January 31st, 2014
This article is a resource for you to find interesting sites.
I have performed website appraisal on 500 sites and I have ranked only the top 250. Herebelow is an analysis of the results.
The big guns
More people look for food or wine information on the Web in the Autumn that in other seasons. This primarily benefits the information brands. This semester the sites that gained most traffic were (in decreasing order): CellarTracker, Wine Enthusiast, the Wine Spectator, Snooth, French Scout.
Conversely fewer and fewer people go and visit the small sites, I mean the ones that do not show in the selection because they are not enough visited. So we may have a vicious circle here : few visitors bring low visibility. Maybe you have to reach out to become famous…
The recent holiday season has favoured the big sites again. Yet challengers already show in this list. You can expect some to rise higher in the next installment in April.
In the last few years the web offer has immensely diversified. Everybody and their wine supplier now has a blog. There now are many quality wine critics who comment on line. So go on a reading journey by browsing the list of 250 best wine sites!
How to participate
Websites are automatically included in the contest as soon as I learn of their existence. To be eligible to the next issue of the Cellarer wine directory, the below conditions must be met:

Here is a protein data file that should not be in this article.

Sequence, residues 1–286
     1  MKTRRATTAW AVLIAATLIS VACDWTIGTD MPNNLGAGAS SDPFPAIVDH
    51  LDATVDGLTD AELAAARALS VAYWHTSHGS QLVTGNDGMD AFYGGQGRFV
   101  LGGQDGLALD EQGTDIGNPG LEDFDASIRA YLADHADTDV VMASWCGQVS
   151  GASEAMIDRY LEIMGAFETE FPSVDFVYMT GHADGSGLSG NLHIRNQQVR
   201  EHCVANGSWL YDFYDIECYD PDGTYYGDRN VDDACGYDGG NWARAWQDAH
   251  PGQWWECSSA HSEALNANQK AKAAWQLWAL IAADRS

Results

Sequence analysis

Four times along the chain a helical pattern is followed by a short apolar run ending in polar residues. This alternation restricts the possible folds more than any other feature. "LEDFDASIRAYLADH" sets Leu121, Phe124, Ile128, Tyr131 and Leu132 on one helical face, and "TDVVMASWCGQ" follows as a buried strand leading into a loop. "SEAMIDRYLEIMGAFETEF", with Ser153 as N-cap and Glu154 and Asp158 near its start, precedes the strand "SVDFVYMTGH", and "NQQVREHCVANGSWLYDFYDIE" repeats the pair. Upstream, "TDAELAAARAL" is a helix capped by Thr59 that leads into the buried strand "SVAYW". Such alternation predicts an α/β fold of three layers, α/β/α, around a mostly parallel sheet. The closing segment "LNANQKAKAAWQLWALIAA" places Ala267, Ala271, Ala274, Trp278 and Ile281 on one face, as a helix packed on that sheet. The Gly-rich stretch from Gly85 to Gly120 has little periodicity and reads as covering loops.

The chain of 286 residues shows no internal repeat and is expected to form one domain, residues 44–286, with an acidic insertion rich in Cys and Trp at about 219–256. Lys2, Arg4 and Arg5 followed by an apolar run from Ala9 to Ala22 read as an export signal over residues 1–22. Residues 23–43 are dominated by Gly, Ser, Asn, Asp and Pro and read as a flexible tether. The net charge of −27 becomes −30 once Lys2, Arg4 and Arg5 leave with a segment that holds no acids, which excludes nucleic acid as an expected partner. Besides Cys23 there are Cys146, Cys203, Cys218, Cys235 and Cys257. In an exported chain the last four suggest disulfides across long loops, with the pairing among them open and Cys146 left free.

- The main topic should be wine.
- Producing estates and wine sellers are excluded. Some of them run wonderful websites but the type of information is different.
If you disagree with the directory criteria, please comment below or e-mail me.
Here are the metrics I use for rating the wine sites. You can follow the directory evolution by subscribing to the feed on websites .
December 17th, 2013
Germany has 13 separate wine growing regions, each of which produces its own style of wine, often from the same varieties. Generally, the lightest and most elegant German wines are produced in the Mosel-Sarr-Ruwer and Ahr regions.
Slightly fuller wines are made inthe Mittelrhein, Nahe, Rheingau, Rheinhessen, Saale-Unstrut, while the fullest German wines tend to come from the regions of Pfalz, Hessische Bergstrasse, Sachsen, Württembery and Baden.
||Major wine types
rich in minerals
||White: Riesling, Müller-Thurgau, Silvaner
||loess, loam, quartzite, porphyry
||fruity, crisp, stylish
Scheurebe, Gewürztraminer,Muller-Thurgau, Kerner, Silvaner
Red/Rose: Spätburgunder, Portugieser
|loam, weathered limestone
||full, aromatic, round
(Pinot Gris), Müller-Thurgau,
|loess, loam, volcanic
|variety of soil,
(sand, porphyry, loam)
|dry, crisp, distinctive
Selected websites show other articles on: Germany wines
This blog also has a post that gives an overview of the German red varieties
and another with an overview of the German white varieties